Wednesday, November 02, 2005


Our good friends at People for the American Way ( have provided a succinct explanation for why you should be appauled by Bush's new nomination to the Supreme Court, Judge Alito. I've copied it below. Senate Minority Leader Harry Reid has indicated by his audacious political maneuvering yesterday (forcing the Republicans to seriously investigate the pre-Iraq War White House propaganda machine) that he may just be able to mobilize enough votes to kill this insulting nomination. So, call your Senators!

Peace & Love,


Samuel Alito: Leading the Attack on Fundamental Legal Rights and Protections for All Americans

Samuel Alito has been a judge on the U.S. Court of Appeals for the Third Circuit since his appointment by the first President Bush in 1990.  In that time, Alito has compiled an extensive, extreme right-wing judicial record on numerous matters of importance to the protection of the rights and interests of ordinary Americans -- a record that has earned him the nickname "Scalito" for his ideological resemblance to Justice Antonin Scalia.  Alito's judicial opinions demonstrate that he is an out of the mainstream opponent of fundamental legal rights and protections for all Americans and must not be confirmed to the Supreme Court.  For example:

Hostile to basic reproductive privacy rights: Alito wants government to be able to interfere in personal decisions on reproductive rights. In Casey, Alito stated that he would have upheld a provision of Pennsylvania's restrictive anti-abortion law requiring a woman in certain circumstances to notify her husband before obtaining an abortion.  His colleagues on the Third Circuit and the Supreme Court majority disagreed and overturned the provision.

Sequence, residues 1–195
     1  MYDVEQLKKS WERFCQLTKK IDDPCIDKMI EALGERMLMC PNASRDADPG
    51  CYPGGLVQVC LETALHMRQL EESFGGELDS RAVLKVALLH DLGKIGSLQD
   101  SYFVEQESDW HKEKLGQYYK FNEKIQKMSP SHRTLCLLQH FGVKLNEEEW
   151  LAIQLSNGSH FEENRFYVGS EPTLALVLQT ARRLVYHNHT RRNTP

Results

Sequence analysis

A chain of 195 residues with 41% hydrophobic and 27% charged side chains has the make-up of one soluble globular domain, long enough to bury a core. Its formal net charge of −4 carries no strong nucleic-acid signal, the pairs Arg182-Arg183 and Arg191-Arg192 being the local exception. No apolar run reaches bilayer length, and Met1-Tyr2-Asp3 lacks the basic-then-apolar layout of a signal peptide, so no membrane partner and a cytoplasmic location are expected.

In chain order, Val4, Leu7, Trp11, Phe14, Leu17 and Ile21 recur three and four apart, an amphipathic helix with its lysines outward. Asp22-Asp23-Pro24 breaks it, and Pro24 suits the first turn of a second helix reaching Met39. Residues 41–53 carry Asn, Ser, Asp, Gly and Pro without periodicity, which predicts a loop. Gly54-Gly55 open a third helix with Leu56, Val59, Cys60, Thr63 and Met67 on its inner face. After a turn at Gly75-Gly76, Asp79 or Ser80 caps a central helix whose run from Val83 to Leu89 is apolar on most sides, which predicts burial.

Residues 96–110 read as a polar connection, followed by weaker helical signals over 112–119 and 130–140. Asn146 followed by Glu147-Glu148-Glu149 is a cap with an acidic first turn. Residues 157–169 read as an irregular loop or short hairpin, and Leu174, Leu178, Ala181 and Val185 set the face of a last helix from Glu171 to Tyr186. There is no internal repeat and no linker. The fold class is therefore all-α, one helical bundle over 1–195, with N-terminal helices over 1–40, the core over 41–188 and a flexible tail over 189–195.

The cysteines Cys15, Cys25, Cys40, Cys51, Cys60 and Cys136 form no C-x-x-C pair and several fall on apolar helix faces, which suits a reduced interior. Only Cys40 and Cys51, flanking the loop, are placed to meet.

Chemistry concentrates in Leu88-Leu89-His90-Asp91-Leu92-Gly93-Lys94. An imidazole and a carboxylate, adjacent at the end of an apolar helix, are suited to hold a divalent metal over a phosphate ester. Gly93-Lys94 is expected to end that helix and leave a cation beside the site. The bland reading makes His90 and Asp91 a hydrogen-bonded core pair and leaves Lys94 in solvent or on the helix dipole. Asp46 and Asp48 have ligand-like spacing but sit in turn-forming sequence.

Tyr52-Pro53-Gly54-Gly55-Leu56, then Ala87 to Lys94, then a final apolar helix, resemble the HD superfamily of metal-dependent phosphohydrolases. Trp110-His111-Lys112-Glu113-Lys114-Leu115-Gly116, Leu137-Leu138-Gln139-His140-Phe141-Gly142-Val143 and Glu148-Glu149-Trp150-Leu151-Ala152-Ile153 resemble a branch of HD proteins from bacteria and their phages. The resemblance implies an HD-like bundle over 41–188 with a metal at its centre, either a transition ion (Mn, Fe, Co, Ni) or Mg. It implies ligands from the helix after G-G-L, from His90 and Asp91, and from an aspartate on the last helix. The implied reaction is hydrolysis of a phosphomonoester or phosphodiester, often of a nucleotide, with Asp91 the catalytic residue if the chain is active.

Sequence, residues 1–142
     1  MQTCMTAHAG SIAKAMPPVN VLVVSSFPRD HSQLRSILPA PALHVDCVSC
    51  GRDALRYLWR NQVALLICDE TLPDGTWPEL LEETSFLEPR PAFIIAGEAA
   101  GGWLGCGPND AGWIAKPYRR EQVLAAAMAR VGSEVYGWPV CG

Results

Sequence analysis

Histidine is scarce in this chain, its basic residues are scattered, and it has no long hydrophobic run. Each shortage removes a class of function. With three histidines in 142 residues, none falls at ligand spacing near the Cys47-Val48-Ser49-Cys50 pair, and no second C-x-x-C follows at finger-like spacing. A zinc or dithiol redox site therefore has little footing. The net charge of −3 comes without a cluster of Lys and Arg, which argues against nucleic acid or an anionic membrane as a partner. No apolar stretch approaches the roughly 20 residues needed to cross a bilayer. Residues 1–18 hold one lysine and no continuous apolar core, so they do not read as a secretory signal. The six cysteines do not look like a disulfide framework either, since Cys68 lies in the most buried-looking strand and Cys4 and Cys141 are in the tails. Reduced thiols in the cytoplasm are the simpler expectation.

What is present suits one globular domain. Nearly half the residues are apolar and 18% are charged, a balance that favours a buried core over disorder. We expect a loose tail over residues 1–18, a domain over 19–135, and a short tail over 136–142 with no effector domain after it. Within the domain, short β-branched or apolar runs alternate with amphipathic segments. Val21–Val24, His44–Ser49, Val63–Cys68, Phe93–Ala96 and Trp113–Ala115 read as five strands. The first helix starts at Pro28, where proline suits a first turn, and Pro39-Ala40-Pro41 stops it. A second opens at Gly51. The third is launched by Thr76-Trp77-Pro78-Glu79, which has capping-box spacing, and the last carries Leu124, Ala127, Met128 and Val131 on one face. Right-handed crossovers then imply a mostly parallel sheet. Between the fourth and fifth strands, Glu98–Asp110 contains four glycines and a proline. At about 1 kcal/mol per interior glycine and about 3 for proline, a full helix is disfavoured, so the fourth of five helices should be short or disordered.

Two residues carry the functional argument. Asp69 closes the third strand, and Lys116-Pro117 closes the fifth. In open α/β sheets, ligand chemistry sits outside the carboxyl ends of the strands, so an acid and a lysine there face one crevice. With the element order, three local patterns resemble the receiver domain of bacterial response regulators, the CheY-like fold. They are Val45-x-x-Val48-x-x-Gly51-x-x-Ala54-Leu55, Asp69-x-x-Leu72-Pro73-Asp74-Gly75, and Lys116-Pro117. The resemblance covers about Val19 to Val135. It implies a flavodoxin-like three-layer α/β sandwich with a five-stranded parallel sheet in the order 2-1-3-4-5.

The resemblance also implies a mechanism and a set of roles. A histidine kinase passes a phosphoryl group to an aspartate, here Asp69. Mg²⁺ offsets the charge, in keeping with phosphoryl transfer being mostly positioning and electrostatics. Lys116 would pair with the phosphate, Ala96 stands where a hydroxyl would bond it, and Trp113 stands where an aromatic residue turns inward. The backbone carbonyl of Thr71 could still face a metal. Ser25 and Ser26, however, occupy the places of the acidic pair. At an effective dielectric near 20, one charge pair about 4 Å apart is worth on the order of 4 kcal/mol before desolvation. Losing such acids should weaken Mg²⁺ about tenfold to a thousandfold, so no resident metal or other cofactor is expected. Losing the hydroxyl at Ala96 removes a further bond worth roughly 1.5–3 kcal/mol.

Rejects basic protections for workers: In a number of dissenting opinions, Alito has taken positions that, if adopted, would have made it more difficult for victims of race and sex discrimination to prove their claims.  In one case involving claims of race discrimination, the court majority sharply criticized Alito's dissent, stating that Alito's "position would immunize an employer from the reach of Title VII" in certain circumstances. 

Leads revolution against federal laws protecting individual and other rights:  According to one of Alito's opinions, Congress had no authority to require state employers to comply with the Family and Medical Leave Act, a ruling that was repudiated by the Supreme Court in a later case in which conservative Chief Justice Rehnquist, no friend of civil rights, wrote the Court's decision.  Alito also dissented from a ruling by the Third Circuit that Congress has the power under the Commerce Clause to restrict the transfer and possession of machine guns at gun shows.

Fails to consider racial discrimination in capital punishment: An African American had been convicted of felony murder by an all white jury from which black jurors had been impermissibly struck because of their race.  Alito cast the deciding vote and wrote the majority opinion in a 2-1 ruling rejecting the defendant's claims. The full Third Circuit, in a split decision, reversed Alito's ruling, and the majority specifically criticized him for having compared statistical evidence about the prosecution's exclusion of blacks from juries in capital cases to an explanation of why a disproportionate number of recent U.S. Presidents have been left-handed.  According to the majority, "[t]o suggest any comparability to the striking of jurors based on their race is to minimize the history of discrimination against prospective black jurors and black defendants . . ."